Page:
In today’s digital world, our roles as educators have shifted. We are no longer the sole proprietor and expert in the classroom. Truth is that if Google can replace us, we are no longer doing our job. Our role in the classroom is to teach our students how to apply content knowledge to solve problems. We promote skills like critical thinking, creativity, communication, and collaboration. However, those are not skills that come naturally to our students.
We live in a time where boundaries of learning are being pushed. With the myriad of digital tools at their fingertips, our students have the ability to connect and collaborate with peers both locally and globally. Students have access to experts in any field. Because of the lives they lead, they crave feedback. Yet, their efforts at collaboration often lead anywhere from shutdowns to meltdowns.
We hear our colleagues extolling the virtues of connecting students for collaborative learning and it may cause us to wonder what is going wrong in our classroom. The truth is that everyone, no matter how well intentioned, enters with certain expectations and perceptions. Many of our students expect to walk into a group situation where everyone is working on the same goal doing the exact same thing as their fellow group members. That is simply cooperation or compliance. Often cooperation does not push students into authentic tasks that require higher level thinking and reasoning. True collaboration comes when each member in a collaborative group brings his/her strengths, ideas, experiences, and knowledge to share with the group. Everyone contributes towards the common goal using their unique talents for the good of the entire group.
As teachers, I’m confident that a great majority of us have probably experienced the same frustration as our students when trying to collaborate with our colleagues. I thought I would take an opportunity to share with you some of the practices that my students have learned through our years collaborating with peers both locally and globally. By preparing them of these mindsets in advance, their likelihood of success is greatly improved.
Communicate expectations up front. The first step that my students do when forming a new collaboration partnership is to outline a list of the norms and expectations that they have for their upcoming project. They discuss timeline, deadlines, behaviors, work ethic, and accountability to the group. Through these conversations, they have the opportunity to share their goals and their concerns about their impending work together. This dialogue lets every member know before they begin the first step exactly where they are headed. It not only helps them create a relationship with one another where they feel safe to be transparent in their thinking, but also connect with one another as individuals on a deeper level. Although this may seem time consuming in an already jammed packed learning day, the group will make up the time in the long run as their project will not suffer from constant derailing due to miscommunications.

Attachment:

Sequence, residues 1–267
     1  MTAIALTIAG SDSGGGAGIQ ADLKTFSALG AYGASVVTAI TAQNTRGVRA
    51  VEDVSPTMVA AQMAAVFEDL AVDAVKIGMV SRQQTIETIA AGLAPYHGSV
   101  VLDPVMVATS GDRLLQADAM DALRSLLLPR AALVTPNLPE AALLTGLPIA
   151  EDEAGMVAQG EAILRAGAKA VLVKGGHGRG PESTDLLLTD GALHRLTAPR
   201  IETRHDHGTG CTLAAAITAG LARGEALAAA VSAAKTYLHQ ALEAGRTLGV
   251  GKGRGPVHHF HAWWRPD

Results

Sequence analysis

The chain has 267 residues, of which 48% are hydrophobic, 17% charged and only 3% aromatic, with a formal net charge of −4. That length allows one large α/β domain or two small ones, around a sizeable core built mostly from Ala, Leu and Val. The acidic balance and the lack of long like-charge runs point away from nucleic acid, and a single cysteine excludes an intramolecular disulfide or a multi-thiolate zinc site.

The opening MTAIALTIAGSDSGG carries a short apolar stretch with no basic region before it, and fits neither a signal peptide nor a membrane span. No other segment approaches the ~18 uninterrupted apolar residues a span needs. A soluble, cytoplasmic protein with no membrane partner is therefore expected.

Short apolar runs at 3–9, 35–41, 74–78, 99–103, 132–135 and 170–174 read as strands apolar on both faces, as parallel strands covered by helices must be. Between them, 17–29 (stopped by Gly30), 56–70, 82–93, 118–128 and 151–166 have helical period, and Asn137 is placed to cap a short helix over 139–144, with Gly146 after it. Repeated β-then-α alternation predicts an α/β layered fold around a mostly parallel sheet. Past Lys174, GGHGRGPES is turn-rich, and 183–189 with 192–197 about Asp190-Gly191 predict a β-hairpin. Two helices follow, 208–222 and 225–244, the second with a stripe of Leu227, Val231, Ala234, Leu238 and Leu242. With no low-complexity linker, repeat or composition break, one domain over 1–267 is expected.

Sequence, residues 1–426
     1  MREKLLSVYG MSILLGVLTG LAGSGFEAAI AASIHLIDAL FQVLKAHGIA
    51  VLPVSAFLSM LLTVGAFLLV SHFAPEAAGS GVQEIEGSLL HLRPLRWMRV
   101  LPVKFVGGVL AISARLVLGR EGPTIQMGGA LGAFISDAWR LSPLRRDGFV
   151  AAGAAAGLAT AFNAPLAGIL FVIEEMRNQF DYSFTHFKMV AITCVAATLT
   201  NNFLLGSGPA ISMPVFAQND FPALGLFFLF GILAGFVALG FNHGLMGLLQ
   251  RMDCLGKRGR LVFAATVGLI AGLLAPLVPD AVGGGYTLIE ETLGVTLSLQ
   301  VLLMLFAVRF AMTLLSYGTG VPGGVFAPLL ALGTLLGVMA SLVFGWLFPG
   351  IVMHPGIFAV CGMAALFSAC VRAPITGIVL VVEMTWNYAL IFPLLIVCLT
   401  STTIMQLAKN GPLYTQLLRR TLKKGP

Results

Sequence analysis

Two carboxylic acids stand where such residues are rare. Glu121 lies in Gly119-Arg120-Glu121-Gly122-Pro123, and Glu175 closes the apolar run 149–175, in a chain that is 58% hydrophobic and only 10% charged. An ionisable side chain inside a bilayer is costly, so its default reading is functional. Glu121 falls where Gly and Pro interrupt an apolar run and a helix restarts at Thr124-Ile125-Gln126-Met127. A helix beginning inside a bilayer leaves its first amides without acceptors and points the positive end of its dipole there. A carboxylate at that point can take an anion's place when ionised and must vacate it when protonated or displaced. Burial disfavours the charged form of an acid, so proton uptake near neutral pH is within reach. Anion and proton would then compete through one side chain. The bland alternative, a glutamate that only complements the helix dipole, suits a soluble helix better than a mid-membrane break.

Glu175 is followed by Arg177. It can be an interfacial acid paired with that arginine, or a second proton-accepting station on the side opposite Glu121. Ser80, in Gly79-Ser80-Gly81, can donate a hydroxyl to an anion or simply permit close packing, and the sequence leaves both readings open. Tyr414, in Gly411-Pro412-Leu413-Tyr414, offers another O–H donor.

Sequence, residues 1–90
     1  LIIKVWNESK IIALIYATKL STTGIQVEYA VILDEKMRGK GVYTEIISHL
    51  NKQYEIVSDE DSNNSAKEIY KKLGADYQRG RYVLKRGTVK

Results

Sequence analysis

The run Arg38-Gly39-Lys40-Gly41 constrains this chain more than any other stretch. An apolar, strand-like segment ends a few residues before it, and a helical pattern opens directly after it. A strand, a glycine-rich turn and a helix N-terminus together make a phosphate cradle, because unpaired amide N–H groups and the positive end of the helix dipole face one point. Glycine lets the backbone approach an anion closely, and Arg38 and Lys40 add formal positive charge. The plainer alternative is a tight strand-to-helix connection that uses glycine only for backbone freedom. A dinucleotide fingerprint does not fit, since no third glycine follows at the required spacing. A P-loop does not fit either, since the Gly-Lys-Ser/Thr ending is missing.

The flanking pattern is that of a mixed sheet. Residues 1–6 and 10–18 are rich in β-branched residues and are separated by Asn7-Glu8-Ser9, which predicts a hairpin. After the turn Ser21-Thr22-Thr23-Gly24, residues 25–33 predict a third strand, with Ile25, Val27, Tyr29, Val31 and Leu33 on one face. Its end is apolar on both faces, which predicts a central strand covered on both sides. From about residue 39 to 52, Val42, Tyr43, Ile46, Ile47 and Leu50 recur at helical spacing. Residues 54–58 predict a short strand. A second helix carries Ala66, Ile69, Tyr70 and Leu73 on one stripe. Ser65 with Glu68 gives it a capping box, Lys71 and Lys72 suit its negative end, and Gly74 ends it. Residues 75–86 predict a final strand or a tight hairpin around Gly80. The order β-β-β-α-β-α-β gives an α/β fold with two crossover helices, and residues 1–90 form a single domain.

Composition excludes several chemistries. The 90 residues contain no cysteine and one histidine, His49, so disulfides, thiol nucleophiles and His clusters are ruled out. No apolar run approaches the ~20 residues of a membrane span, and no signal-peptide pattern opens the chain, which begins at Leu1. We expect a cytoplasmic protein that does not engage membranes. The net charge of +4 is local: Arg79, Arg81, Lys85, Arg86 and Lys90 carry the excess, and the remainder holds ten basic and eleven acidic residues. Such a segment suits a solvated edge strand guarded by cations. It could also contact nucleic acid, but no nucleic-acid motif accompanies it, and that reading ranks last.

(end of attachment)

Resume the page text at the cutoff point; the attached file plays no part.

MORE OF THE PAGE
Remain flexible. Things happen. People get sick. Schedules get rearranged. Parents set appointments. As adults, we understand this is part of life, but sometimes students get frustrated when a deadline isn’t met by a teammate, one member seems to fail in following through with their part of a project, or they miss a time for real time communication. By guiding our students into becoming adept at adjusting plans, they are learning valuable life skills. Often when a student comes to me aggravated because something has disrupted their project, we can lean on the strong foundation that they set in the beginning. Once they open that dialogue, the learners discover a solution together that stronger than their initial plan. They learn to listen to one another, have patience, and pull their resources to reach towards their common goal.
Keep an open-mind. As adults we understand that not everyone is like us. However, many of our students in spite of being globally connected, often live under the false premise that everyone is like them. I’ve discovered over the last several years that this is often the most challenging part of collaboration for students. Students may feel that they are the expert, the smartest, the most organized, the most creative, or the most talented individual in the group. Those beliefs are why I believe that collaboration is an integral part of the learning process. Students need to have experience with students who in many ways may not be like them. No single person is who they are with the talents they have without the guidance and input of others. We become the best version of ourselves by working and learning with others.
By preparing our students in advance for the shifts they will need to make in order to successfully collaborate with the peers, both in the classroom and through digital means, we give them the tools to open a world of learning possibilities. Through collaboration, students find commonalities with a diverse community of learners and apply content knowledge and higher order thinking skills for an authentic audience while becoming the strongest version of themselves. Collaboration, although challenging at times, is well worth the investment for us, our students, and the future.photo credit: Empty Stage via photopin (license)